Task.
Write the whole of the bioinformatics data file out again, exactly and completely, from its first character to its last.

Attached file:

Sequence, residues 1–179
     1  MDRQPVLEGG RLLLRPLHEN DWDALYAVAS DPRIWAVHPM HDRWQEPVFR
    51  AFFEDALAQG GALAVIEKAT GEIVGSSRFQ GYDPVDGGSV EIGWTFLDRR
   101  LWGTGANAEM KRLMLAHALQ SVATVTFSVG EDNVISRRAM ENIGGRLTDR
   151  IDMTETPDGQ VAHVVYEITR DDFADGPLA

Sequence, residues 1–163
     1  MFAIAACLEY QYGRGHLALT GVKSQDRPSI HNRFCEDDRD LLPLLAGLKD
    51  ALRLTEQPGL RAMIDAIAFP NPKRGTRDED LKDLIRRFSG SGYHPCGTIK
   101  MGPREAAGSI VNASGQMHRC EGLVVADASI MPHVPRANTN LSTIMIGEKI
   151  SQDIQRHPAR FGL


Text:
Sequence, residues 1–179
     1  MDRQPVLEGG RLLLRPLHEN DWDALYAVAS DPRIWAVHPM HDRWQEPVFR
    51  AFFEDALAQG GALAVIEKAT GEIVGSSRFQ GYDPVDGGSV EIGWTFLDRR
   101  LWGTGANAEM KRLMLAHALQ SVATVTFSVG EDNVISRRAM ENIGGRLTDR
   151  IDMTETPDGQ VAHVVYEITR DDFADGPLA

Sequence, residues 1–163
     1  MFAIAACLEY QYGRGHLALT GVKSQDRPSI HNRFCEDDRD LLPLLAGLKD
    51  ALRLTEQPGL RAMIDAIAFP NPKRGTRDED LKDLIRRFSG SGYHPCGTIK
   101  MGPREAAGSI VNASGQMHRC EGLVVADASI MPHVPRANTN LSTIMIGEKI
   151  SQDIQRHPAR FGL